The Near-Earth Asteroid Rendezvous Laser Altimeter
Source: Space Science Reviews, Volume 82, Numbers 1-2, October 1997 , pp. 217-253(37)
Abstract:In 1999 after a 3-year transit, the Near-Earth Asteroid Rendezvous (NEAR) spacecraft will enter a low-altitude orbit around the asteroid, 433 Eros. Onboard the spacecraft, five facility instruments will operate continuously during the planned one-year orbit at Eros. One of these instruments, the NEAR Laser Rangefinder (NLR), will provide sufficiently high resolution and accurate topographical profiles that when combined with gravity estimates will result with quantitative insight into the internal structure, rotational dynamics, and evolution of Eros. Developed at the Applied Physics Laboratory (APL), the NLR instrument is a direct-detection laser radar using a bistatic arrangement. The transmitter is a gallium arsenide (GaAs) diode-pumped Cr:Nd:YAG (1.064-µm) laser and the separate receiver uses an extended infrared performance avalanche-photodiode (APD) detector with 7.62-cm clear aperture Dall–Kirkham telescope. The lithium-niobate (LiNbO3) Q-switched transmitter emits 15-ns pulses at 15.3 mJ pulse^-1, permitting reliable NLR operation beyond the required 50-km altitude. With orbital velocity of 5 m s^-1 and a sampling rate of 1 Hz, the NLR spot size provides high spatial sampling of Eros along the orbital direction. Cross-track sampling, determined by the specific orbital geometry with Eros, defines the resolution of the global topographic model; this spacing is expected to be <500 m on the asteroid's surface. Combining the various sources of range errors results with an overall range accuracy of 6 m with respect to Eros' center-of-mass. The NLR instrument design, perfomance, and validation testing is decribed. In addition, data derived from the NLR are discussed. Using altimetry data from the NLR, we expect to estimate the volume of 433 Eros to 0.01%and its mass to 0.0001% accuracies; significantly greater accuracies than ever possible before NEAR.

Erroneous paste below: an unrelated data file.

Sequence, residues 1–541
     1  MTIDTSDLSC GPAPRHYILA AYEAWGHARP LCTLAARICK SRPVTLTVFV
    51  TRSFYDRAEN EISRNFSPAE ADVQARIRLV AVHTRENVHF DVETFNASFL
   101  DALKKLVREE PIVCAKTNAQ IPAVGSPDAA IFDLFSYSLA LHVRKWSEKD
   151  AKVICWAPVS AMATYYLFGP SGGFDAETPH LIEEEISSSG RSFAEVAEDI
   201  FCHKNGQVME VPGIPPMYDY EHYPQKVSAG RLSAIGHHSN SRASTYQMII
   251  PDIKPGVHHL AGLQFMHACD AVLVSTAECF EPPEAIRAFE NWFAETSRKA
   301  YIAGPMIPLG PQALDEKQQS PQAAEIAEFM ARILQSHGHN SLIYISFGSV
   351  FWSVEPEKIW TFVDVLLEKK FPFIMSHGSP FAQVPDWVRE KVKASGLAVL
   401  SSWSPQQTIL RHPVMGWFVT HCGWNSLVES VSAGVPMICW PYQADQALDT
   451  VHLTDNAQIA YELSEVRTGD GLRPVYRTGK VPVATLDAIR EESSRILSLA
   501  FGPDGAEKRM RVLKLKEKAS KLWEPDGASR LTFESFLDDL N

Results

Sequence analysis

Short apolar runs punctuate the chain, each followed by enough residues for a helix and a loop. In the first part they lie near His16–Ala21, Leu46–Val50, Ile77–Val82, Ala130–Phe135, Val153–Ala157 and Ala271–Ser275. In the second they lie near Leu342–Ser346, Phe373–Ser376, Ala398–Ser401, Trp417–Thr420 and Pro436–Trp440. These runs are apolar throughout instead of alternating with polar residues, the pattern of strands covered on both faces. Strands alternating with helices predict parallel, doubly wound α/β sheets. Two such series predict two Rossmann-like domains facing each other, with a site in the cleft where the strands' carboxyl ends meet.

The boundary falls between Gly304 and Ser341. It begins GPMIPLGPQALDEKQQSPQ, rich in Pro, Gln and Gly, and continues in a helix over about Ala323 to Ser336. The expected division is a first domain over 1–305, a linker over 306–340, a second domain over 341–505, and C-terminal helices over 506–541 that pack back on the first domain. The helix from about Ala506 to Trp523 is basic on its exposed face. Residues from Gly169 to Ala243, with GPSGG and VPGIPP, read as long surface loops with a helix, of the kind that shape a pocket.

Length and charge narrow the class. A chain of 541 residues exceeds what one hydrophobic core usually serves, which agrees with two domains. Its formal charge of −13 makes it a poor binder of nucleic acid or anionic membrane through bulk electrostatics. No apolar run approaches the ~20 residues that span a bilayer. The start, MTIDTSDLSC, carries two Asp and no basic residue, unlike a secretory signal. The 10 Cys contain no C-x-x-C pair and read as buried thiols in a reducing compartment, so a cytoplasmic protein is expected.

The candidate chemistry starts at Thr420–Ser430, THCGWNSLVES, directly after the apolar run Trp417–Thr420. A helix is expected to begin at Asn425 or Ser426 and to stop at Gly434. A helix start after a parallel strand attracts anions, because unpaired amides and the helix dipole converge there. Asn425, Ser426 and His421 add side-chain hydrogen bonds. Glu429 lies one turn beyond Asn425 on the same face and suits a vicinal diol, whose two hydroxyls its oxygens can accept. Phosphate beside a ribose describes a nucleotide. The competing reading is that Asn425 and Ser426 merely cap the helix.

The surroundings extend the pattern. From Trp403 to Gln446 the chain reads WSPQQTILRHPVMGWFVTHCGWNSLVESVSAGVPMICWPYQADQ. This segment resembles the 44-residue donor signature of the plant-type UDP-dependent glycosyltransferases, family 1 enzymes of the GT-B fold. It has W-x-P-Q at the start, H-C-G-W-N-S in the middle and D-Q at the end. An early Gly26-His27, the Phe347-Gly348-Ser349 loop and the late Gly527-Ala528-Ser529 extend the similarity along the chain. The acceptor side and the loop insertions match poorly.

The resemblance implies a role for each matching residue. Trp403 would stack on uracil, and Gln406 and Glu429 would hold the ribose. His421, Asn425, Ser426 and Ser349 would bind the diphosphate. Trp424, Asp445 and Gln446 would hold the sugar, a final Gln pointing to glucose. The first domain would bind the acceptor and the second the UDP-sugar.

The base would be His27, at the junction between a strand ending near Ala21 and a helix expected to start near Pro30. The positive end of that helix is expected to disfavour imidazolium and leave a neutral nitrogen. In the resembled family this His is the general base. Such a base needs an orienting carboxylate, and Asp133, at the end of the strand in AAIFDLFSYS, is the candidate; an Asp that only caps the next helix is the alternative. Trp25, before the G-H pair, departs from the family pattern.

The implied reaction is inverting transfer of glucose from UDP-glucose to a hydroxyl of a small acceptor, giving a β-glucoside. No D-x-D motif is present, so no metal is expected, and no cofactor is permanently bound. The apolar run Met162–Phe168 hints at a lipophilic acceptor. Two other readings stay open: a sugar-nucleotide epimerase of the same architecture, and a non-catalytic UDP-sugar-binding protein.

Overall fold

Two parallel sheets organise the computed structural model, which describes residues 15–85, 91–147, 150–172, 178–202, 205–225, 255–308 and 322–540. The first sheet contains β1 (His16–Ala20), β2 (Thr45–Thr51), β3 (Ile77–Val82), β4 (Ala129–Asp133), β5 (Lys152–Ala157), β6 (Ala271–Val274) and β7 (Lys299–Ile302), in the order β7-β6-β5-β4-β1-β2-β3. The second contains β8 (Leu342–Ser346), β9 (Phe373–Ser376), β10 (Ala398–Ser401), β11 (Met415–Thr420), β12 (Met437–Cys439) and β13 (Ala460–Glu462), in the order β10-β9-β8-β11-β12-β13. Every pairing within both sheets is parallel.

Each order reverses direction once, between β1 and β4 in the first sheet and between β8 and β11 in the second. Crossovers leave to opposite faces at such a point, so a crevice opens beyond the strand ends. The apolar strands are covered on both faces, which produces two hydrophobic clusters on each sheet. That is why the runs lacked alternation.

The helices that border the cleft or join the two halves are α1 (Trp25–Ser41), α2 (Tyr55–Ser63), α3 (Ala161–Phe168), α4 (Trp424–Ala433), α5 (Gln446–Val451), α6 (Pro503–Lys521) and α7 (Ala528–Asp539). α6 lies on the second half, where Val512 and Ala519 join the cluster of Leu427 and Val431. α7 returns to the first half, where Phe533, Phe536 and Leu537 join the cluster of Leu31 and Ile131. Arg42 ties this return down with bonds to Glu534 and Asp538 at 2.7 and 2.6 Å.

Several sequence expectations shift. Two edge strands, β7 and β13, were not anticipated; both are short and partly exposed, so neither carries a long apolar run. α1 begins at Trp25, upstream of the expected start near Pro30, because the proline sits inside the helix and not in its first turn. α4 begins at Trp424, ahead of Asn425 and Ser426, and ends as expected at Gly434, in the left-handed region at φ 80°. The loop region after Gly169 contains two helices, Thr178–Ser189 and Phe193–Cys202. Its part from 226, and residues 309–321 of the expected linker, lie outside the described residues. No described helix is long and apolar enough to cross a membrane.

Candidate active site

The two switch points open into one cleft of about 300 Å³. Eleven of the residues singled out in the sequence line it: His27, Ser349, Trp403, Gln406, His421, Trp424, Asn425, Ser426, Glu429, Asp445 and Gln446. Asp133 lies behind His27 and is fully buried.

Document Type: Regular Paper
Affiliations: 1: Space Department, The Johns Hopkins University Applied Physics Laboratory Laurel, MD 20723–6099, U.S.A. 2: Department of Earth, Atmospheric and Planetary Sciences, 54-518 Massachusetts Institute of Technology, Cambridge, MA 02139, U.S.A. 3: Laboratory for Terrestrial Physics, NASA/Goddard Space Flight Center, Greenbelt, MD, U.S.A.
Publication date: October 1, 1997